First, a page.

equivalent to a double spondee.
- A mingling or union of harsh, inharmonious sounds, often
used deliberately for effect, as in the lines from Whitman's "The Dalliance of Eagles:"
The clinching interlocking claws, a living, fierce, gyrating wheel,
Four beating wings, two beaks, a swirling mass tight grappling,
In tumbling turning clustering loops, straight downward falling,
Sidelight: The term, dissonance, can also refer
to any elements of a poem which are discordant in the context of their use.
Sidelight: Although often considered synonymous
with cacophony, the term dissonance more strongly implies a
- DISTICH (DIS-tik)
- A strophic unit of two lines; a pair of poetic lines or verses which
together comprise a complete sense.
Sidelight: If the end words of a distich
rhyme, it is called a couplet.
(See also Closed Couplet,
- A word of two syllables.
(See also Monosyllable,
- DISYLLABIC RHYME
- A rhyme in which two final syllables of words have the same
sound, as in fender and bender or beguile and
In the above examples of disyllabic rhymes, fender and bender are also a
feminine rhyme, while beguile and revile are also a
(See also Mosaic Rhyme,
- DITHYRAMB (DITH-eye-ram)
- In classical poetry, a type of melic verse associated
with drunken revelry and performed to honor Dionysus (Bacchus), the Greek god of wine.
In modern usage, the term has come to mean a poem of impassioned frenzy and irregular character.
Sidelight: John Dryden's
"Alexander's Feast," bears a resemblance to the dithyrambic
- A simple little poem meant to be sung.
Sidelight: Long ago, the word
"ditty" served as a verb, meaning to sing a song or set words to music, but its use as such became obsolete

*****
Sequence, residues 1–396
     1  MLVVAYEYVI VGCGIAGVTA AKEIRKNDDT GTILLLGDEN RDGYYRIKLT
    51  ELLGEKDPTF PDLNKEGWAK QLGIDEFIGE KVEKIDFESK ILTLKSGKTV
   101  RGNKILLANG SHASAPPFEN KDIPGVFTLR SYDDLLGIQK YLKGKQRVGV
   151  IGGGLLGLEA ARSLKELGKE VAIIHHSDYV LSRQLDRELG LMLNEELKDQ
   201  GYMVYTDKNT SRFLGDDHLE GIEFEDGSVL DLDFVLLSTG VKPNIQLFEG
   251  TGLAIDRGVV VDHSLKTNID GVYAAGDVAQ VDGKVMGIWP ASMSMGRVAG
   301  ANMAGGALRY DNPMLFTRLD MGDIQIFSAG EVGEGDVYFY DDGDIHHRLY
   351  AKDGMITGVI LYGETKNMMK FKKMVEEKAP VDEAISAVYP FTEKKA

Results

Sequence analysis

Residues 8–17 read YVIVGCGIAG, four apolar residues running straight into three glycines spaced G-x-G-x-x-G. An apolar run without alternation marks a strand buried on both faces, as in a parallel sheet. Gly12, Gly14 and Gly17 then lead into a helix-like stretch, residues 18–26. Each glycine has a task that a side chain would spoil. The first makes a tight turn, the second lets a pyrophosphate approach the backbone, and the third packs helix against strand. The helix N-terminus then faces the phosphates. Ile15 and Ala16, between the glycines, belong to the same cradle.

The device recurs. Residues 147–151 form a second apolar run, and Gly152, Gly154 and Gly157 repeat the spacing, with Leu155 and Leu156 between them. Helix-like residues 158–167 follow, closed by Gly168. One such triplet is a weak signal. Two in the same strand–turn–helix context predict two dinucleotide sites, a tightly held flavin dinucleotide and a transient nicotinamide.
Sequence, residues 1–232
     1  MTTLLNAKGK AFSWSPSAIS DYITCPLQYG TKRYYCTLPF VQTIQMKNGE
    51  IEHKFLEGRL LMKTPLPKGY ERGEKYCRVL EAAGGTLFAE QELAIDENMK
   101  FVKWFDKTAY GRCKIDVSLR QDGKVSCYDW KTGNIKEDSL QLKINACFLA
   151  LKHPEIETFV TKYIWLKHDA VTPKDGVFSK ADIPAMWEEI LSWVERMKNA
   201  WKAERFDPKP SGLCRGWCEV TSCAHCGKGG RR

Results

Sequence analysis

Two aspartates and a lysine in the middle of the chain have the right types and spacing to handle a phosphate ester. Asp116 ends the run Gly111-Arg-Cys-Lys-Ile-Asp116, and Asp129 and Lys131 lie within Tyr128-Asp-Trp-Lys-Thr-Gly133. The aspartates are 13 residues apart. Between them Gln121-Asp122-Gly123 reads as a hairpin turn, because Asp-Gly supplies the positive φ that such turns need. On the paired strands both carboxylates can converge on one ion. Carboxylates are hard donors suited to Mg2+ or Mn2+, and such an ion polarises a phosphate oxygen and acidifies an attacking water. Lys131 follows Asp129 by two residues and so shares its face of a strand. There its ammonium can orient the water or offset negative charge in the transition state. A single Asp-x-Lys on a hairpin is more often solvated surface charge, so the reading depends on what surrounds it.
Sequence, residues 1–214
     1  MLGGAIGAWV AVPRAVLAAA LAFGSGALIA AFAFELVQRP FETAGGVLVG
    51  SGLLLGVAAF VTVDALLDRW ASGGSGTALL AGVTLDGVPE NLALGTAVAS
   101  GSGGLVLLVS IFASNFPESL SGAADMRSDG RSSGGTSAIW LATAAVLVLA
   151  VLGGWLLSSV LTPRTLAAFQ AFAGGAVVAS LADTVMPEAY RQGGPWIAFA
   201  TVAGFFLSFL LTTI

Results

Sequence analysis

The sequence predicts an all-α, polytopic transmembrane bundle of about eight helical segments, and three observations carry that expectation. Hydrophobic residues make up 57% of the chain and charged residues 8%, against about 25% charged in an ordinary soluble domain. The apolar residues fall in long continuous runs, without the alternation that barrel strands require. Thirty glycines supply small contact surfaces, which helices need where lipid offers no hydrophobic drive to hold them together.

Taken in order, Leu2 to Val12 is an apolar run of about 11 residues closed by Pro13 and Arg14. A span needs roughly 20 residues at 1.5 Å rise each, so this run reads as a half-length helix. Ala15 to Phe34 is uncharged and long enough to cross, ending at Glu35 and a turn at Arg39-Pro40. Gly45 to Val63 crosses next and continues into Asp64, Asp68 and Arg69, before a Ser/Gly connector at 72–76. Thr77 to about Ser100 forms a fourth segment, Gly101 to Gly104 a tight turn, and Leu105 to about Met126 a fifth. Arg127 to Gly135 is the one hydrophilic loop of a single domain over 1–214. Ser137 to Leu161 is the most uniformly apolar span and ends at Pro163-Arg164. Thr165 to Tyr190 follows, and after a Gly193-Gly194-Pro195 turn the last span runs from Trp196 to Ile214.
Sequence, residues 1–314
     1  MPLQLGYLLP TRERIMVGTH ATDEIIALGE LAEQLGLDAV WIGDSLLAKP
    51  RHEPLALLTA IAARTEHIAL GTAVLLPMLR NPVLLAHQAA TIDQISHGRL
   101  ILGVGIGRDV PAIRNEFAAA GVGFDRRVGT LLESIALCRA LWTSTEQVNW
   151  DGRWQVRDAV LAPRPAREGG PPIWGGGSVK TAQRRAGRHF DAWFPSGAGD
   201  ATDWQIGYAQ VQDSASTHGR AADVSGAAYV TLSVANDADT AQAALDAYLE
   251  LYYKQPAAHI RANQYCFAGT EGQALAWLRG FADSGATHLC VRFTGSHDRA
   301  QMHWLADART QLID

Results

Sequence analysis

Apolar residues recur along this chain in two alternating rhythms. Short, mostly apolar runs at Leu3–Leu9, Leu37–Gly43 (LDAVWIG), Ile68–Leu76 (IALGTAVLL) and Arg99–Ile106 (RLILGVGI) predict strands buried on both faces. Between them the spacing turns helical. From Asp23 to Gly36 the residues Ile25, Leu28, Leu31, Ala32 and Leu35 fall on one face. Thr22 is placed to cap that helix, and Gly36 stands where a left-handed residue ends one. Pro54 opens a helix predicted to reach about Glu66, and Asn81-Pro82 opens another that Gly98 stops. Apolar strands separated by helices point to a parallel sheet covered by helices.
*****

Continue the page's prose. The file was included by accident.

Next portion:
by the 16th century.
- DIVINE AFFLATUS
- See Afflatus
- DOCHMIUS (DAHK-mee-us) pl. DOCHMII (DAHK-mee-eye)
- In classical prosody, a metrical
foot consisting of five syllables,
the first and fourth being short and the second, third, and fifth long.
- DODECASYLLABLE (DOH-decka-SIL-uh- bul)
- A metrical line of twelve syllables.
(See also Decasyllable,
- Originally applied to poetry of loose irregular measure, it now is
used to describe crudely written poetry which lacks artistry in form or meaning. It is sometimes
deliberately used, however, for comic or satirical effect.
(See Broadside Ballad)
(See also Poetaster, Poeticule,
- DORIAN ODE
- See Pindaric Verse
- DOUBLE BALLADE
- See Ballade
- DOUBLE DACTYL
- A word with two dactyls, such as COUNT-er-in-TEL-li-gence or
PAR-lia-men-TAR-i-an; also, a modern form of light verse consisting of
two quatrains with two dactyls per line. The first line is a hyphenated
nonsense word, often "higgledy-piggledy," the second line is a proper name, and the
sixth line is a single double dactyl word. The fourth and eighth lines are truncated, lacking the final
two unaccented syllables, and rhyme with each other, as in the following example:
Doctor D. Livingstone
Scottish explorer of
Note, but of whom
Chiefly we know by the
Greeting by Stanley, who
said, "I presume."
- DOUBLE RHYME
- See Disyllabic Rhyme
- DRAMATIC MONOLOGUE
- A literary work which consists of a revealing one-way conversation by a
character or persona, usually directed to a second person
or to an imaginary audience. It typically involves a critical moment of a specific situation, with
the speaker's words unintentionally providing a revelation of his character, as in Robert Browning's
"My Last Duchess."
(See also Conversation Poem,
- DRAMATIC POEM
- A composition in verse portraying a story of life or character, usually
involving conflict and emotions, in a plot evolving through action and dialogue.
lyric, and narrative are the three
main groups of poetry. It is possible, however, for a poem to combine the characteristics
of all three.
- DUPLE METER
- See Binary Meter
- DYSPHEMISM (DIS-fuh-mizm)
- The substitution of a disagreeable, offensive or disparaging expression to
replace an agreeable or inoffensive one.